July 18, 2008
The latest validation of James Burnham’s insight that “liberalism is the ideology of Western suicide” comes from the Archbishop of Canterbury, Rowan Williams. As the Daily Mail reported recently, Dr. Williams wrote an irenic letter to Moslem leaders in which he wrote that the doctrine of the Trinity “is difficult, sometimes offensive” to Moslems and in which he also apologized for the fact that “Christiainity has been promoted at the point of the sword and legally supported by extreme sanctions.” Needless to say, Dr. Williams did not brand any Moslem doctrines “offensive,” nor did he point out that Islam, unlike Christianity, has been spread virtually exclusively at the point of the sword. As such, Dr. Williams’ letter is in keeping with the current practice of Western leaders of apologizing for what their predecessors did, a practice that springs from the self-destructive liberalism that has, alas, found its way into most Christian denominations, including portions of my own.
Needless to say, Englishmen did not always behave this way. Richard the Lion-Hearted believed in chivarly, and his respect for Saladin became legendary, but Richard never thought of apologizing for Christain doctrine or doubted the righteousness of defending Christendom. The only reason Europe did not become Moslem was because of the valor of such men as Richard, Charles Martel, Don John of Austria, and Jan Sobieski, each of whom would have been dumbfounded by Dr. Williams’ apology. Even the gentle Francis of Assisi followed the crusaders to Damietta and preached to the Moslems about the truth of Christianity.
I can certainly understand the ecumenical impulse and the desire to minimize, rather than inflame, tensions between religions. But Dr. Williams’ words have a surreal quality, in an age when Europeans have proven themselves endlessly accommodating to the Moslems in their midst, while Moslems have martyred and brutalized Christians in such diverse locations as Sudan, Nigeria, Iraq, Pakistan, and Egypt, and even Moslems in Europe have savagely beaten Christian clergymen and Orthodox Jews whose only crime was wearing religious garb in areas where Moslems live. It is not a coincidence that most of the world’s hot spots are in areas where a Moslem population abuts a non-Moslem population. And it is hard to see why Moslems would resent the church Dr. Williams leads, the Church of England. Although the British Empire did give Christian missionaries freedom to preach the Gospel, and Christians freedom to worship, it did not force Moslems to become Christians or impose legal penalties on Moslems.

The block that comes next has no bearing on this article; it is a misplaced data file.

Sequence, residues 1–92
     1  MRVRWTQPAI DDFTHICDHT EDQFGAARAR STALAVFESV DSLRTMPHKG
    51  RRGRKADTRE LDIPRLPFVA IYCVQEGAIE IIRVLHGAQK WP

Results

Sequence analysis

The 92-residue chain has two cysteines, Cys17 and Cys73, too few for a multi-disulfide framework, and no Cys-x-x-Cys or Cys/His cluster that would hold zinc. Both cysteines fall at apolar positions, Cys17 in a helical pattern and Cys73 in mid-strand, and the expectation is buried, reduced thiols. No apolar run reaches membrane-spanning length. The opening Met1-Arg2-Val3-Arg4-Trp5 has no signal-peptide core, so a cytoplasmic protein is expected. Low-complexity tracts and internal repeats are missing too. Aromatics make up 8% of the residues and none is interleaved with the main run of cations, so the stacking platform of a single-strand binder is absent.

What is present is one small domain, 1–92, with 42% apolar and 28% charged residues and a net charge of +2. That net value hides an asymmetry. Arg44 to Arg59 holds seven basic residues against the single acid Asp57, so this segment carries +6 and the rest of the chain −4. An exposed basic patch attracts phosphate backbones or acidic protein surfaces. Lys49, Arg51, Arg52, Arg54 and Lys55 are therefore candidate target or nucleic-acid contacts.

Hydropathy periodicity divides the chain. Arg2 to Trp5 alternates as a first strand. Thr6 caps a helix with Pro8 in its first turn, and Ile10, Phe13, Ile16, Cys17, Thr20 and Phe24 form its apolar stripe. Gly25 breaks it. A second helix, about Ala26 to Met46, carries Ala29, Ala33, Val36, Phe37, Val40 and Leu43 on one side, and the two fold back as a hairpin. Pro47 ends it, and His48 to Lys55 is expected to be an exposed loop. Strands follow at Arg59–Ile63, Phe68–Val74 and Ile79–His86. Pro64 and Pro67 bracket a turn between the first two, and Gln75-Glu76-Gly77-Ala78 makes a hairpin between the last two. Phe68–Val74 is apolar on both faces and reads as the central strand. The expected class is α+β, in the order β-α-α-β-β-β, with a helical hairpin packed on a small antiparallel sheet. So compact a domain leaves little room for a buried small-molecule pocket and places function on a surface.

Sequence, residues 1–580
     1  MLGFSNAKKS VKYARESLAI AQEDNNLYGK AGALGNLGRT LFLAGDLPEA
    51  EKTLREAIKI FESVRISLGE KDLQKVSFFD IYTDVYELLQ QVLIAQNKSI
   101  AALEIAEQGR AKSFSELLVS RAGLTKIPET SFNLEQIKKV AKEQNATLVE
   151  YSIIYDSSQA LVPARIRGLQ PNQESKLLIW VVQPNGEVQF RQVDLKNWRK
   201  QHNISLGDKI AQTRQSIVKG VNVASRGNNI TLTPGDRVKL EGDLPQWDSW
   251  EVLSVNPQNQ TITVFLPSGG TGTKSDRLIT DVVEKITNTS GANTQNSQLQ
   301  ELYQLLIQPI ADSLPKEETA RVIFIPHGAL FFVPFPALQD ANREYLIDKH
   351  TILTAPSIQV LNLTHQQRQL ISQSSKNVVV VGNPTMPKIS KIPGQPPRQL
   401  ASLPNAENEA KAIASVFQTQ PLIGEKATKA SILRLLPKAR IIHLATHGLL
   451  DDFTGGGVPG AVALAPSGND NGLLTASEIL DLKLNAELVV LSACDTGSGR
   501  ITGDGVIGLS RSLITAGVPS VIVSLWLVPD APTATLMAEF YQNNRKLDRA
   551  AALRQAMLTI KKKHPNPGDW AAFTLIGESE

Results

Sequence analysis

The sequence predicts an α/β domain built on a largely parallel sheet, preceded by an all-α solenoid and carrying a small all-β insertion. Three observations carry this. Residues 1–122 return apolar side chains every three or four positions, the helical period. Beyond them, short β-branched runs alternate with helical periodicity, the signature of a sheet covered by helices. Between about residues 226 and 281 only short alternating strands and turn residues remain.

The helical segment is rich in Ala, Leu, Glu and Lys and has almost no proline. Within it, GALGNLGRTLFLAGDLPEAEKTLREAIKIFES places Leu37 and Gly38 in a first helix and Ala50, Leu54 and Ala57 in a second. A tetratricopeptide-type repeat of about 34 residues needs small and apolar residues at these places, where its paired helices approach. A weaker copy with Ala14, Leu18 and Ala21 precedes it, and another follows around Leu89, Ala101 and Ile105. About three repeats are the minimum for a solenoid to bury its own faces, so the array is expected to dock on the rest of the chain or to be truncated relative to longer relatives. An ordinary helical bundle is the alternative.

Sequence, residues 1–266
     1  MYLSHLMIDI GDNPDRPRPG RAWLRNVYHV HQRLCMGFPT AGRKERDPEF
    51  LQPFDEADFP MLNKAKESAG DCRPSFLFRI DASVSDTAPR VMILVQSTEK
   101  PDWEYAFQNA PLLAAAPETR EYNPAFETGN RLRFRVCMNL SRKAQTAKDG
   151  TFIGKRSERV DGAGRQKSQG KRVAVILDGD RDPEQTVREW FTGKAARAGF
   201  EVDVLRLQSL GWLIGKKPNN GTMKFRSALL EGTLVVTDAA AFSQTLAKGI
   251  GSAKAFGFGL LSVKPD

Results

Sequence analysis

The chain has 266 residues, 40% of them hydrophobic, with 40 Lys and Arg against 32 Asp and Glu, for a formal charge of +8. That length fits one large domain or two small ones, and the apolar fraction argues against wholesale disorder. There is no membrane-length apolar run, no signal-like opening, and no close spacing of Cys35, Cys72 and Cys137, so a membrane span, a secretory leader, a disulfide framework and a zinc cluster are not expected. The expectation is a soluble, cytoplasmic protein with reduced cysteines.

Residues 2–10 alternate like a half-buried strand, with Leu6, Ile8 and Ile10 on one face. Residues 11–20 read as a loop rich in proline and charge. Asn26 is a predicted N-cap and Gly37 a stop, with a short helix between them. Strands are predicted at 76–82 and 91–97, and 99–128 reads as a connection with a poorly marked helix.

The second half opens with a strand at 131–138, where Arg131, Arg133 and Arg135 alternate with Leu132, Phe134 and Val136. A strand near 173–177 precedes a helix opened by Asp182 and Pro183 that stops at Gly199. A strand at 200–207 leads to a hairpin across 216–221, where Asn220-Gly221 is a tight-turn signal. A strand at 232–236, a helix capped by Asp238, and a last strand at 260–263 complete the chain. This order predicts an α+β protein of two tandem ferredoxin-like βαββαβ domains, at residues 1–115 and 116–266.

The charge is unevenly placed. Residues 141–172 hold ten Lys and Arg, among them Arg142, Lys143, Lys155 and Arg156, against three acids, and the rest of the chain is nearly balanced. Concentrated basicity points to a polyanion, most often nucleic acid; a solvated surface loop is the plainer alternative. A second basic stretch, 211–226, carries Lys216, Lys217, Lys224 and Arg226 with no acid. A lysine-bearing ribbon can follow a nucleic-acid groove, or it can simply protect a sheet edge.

But the liberalism evident in Dr. Williams’ letter goes beyond the issue of relations with Moslems. Dr. Williams writes that “religious identity has often been confused with cultural or national integrity,” and suggests that this is somehow a bad thing. Christianity spread through Europe in part because political leaders accepted it and saw that their people followed them, and the decisions of such figures as Clovis, Stephen, Mieszko, Olaf, and Vladimir to accept baptism helped to create France, Hungary, Poland, Norway, and Russia, in addition to creating a vibrant Christianity that penetrated every aspect of daily life in those lands for generations to come. It is true that a religious identity based in the first instance on nationality or culture can be shallow, but so can a religious identity based on lessons imparted to children by their parents. And each type of religious identity—whether based on “cultural or national integrity” or family integrity—can also deepen. The job of Christian leaders is to ensure that people who are Christians grow in their faith, not to demean the reasons they may have come to think of themselves as Christians or the way their ancestors came to Christianity.
Liberalism could not have created Christendom or have defended it from its enemies, nor can it help sustain what is left of Christendom. Rather than assume that the men who helped create and defend Christendom were wrong, Dr. Williams may want to consider the possibility that they were right.